When crime on the streets gets so out of control, when criminal gang members have their run of the neighborhoods, when they can commit violent crimes without compunction, including violent assaults and murder, then you will find at the very foundation of such lawlessness a total breakdown of community involvement and lack of support for the law enforcement.
Gang Members Given “Get Out of Jail” Passes
Get out of jail passes, also known as parole, are not normally given to convicts with a long history of violence. In fact, when crimes are committed by persons while out on parole, the parole is revoked and the individual is re-arrested and required to not only serve any new prison sentence, but also the remainder of the sentence from which he was paroled.
Parolees Committing New Crimes After Release
In a recent news story, two criminal perpetrators were out on parole and squared off against each other in a violent altercation. One became a victim and the other became accused of murder. Take the recent case of Robert Roseneau and Raul Martinez. Raul Martinez, a 24 year old Chicagoan has been charged with the shooting death of 28 year old Robert Roseneau. What makes this story so unique, or maybe not so unique for the mean streets of Chicago, is that these two individuals had a total of eighty arrests between them. How two individuals with such a history of criminal behavior had not been brought under control is a question for the community, its law enforcement department, and its judiciary.
The accused, Martinez was paroled from prison in January of 2016, and is now being held without bond for murder and for the violation of the conditions of his latest parole. Both Martinez and Roseneau were members of rival gangs and had a history of violent crime. So how does a gang member and convicted felon, who has previously violated the conditions of his parole several times over, get released on parole again after serving half of a prison sentence for possession of a firearm? The answer to this question will go a long way in explaining the dynamics of those communities overrun with gang violence and lawlessness. Please see the Chicago SunTimes for more on this story.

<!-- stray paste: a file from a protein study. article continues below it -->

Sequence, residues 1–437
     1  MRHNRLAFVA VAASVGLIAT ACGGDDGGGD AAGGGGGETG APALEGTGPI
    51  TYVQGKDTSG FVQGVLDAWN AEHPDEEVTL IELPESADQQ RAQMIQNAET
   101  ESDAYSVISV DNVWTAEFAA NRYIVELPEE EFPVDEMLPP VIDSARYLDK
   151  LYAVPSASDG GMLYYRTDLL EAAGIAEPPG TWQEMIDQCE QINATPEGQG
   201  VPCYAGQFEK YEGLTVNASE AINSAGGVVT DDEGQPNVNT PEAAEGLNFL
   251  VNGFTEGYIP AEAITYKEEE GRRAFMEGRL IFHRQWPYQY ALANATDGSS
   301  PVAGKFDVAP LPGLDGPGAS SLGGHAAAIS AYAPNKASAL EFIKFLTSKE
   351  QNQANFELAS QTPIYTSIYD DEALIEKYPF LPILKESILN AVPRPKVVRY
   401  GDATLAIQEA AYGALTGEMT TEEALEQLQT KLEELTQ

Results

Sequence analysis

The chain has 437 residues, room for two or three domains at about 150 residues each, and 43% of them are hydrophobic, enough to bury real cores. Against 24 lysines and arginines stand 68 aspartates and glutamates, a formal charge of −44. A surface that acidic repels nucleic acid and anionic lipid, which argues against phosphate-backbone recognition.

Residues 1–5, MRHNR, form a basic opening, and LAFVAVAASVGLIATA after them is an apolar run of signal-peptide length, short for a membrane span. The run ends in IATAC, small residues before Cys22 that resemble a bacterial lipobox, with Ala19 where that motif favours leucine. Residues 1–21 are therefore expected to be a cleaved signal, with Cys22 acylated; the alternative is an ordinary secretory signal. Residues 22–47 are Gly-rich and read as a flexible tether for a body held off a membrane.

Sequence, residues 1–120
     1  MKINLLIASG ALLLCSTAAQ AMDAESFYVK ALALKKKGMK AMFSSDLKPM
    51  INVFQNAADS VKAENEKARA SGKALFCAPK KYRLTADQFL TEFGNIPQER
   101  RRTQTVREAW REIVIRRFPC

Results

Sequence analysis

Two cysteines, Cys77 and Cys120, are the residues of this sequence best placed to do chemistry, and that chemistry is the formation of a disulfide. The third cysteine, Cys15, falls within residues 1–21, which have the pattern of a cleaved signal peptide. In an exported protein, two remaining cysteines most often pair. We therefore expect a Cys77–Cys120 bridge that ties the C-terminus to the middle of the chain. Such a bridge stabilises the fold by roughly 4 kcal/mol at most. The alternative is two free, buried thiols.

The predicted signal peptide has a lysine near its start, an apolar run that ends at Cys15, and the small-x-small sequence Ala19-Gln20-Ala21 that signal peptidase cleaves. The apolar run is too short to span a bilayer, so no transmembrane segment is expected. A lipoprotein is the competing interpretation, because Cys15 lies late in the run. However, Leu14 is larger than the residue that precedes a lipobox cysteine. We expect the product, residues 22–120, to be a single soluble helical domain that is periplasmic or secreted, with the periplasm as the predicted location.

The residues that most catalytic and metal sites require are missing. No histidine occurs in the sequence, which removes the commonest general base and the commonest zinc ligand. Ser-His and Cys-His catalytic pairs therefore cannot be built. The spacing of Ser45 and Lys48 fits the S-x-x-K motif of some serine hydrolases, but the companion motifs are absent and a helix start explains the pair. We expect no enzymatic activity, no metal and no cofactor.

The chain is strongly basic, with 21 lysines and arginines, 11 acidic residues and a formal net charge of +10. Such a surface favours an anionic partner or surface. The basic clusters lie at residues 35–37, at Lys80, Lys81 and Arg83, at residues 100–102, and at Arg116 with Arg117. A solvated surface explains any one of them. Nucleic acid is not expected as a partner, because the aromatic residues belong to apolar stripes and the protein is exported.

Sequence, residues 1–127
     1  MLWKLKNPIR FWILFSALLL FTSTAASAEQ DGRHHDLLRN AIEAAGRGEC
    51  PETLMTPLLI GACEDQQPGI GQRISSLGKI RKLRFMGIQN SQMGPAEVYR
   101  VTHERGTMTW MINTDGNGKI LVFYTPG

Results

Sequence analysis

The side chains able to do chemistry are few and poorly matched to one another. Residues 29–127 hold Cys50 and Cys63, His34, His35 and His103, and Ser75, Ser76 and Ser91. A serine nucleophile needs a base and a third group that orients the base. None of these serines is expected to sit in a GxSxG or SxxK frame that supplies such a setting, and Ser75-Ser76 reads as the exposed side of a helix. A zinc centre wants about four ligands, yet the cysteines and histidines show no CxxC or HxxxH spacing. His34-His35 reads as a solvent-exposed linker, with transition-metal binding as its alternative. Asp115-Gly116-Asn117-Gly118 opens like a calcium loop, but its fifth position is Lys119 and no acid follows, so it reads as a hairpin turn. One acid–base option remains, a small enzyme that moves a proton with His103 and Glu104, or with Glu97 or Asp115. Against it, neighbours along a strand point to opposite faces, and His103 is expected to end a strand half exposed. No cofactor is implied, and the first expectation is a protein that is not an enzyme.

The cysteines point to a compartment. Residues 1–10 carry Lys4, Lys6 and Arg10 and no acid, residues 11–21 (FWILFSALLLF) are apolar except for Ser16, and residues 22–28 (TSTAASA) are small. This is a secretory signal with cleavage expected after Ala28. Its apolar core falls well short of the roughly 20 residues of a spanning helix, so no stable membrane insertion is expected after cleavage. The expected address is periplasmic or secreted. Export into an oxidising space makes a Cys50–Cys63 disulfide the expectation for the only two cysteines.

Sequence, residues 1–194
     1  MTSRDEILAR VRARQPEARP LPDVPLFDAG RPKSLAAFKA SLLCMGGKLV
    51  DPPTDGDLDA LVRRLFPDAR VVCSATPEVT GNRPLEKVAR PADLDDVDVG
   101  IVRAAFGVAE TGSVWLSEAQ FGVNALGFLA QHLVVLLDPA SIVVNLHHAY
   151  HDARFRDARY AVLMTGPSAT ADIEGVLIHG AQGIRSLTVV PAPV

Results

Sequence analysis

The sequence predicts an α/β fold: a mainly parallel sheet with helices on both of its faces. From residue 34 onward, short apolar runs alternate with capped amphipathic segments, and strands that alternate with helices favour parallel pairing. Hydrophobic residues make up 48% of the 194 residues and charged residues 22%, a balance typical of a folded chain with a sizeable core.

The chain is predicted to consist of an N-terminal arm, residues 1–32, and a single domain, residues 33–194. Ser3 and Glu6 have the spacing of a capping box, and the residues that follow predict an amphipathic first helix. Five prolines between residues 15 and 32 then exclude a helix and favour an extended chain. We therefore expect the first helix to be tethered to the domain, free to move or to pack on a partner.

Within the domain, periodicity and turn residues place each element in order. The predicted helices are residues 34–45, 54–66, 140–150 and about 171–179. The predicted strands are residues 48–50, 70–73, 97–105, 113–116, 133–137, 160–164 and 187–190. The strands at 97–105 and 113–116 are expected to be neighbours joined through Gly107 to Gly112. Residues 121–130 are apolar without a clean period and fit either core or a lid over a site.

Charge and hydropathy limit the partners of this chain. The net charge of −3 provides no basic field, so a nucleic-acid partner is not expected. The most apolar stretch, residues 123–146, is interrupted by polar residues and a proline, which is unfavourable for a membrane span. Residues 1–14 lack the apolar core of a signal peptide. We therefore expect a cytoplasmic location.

What Can the Communities Do to Help Law Enforcement?
The residents of inner city communities and members of law enforcement have a mutual distrust of each other. This distrust goes deep and prevents the two entities from working with each other for the good of all. Criminal gang members take advantage of this disconnect and create chaos.
In the case of the accused Martinez, he had been in and out of prison many times. He had 36 arrests and had been convicted of three felonies over a span of seven years. In 2009, he had been convicted of robbery and sentenced to boot camp at the Cook County jail. Again in 2011, Martinez was convicted and sentenced to four years in prison for car theft. After serving one year, he was paroled.
The following year Martinez was re-arrested on a charge of being a felon in the possession of a firearm in violation of his parole. He served out three months of the remainder of his sentence for the original conviction for auto theft and received an additional three years on the weapons charge. Martinez served approximately half of his sentence before he was released again on parole in 2015. He violated his parole restrictions again by associating with members of his gang and was sentenced to two days. Martinez’s arrests, release and re-arrests when on for all of 2015. He was released on parole one more time in January 2016. Four months later, he was involved in the shooting death of Robert Roseneau.
Judicial leniencies in cases like Martinez seem too often to be the rule when it comes to inner city crime and punishment. There may be many reasons for this phenomenon, but it would appear that the communities’ unwillingness to support their law enforcement and their judicial system, and to also hold them accountable for keeping professional criminals like Martinez and Roseneau off the streets, may play an important part of it.
Community involvement is crucial in stopping crime in neighborhoods. Those neighborhoods in which the community and law enforcement are able to work together tend to be safer and less of a magnet for gang activity.
Stopping crime and protecting yourself against unwarranted charges of criminal activity are part and parcel to controlling crime in the neighborhood. When residents feel that the judicial system works for them, they will more likely than not be willing to work with law enforcement.
The judicial system will work for you if you are willing to work with it. When in need of an experience criminal law attorney who will be committed to protecting your rights, call the Law Offices of David Freidberg, at (312) 560-7100, or send an email, for a free no-obligation consultation.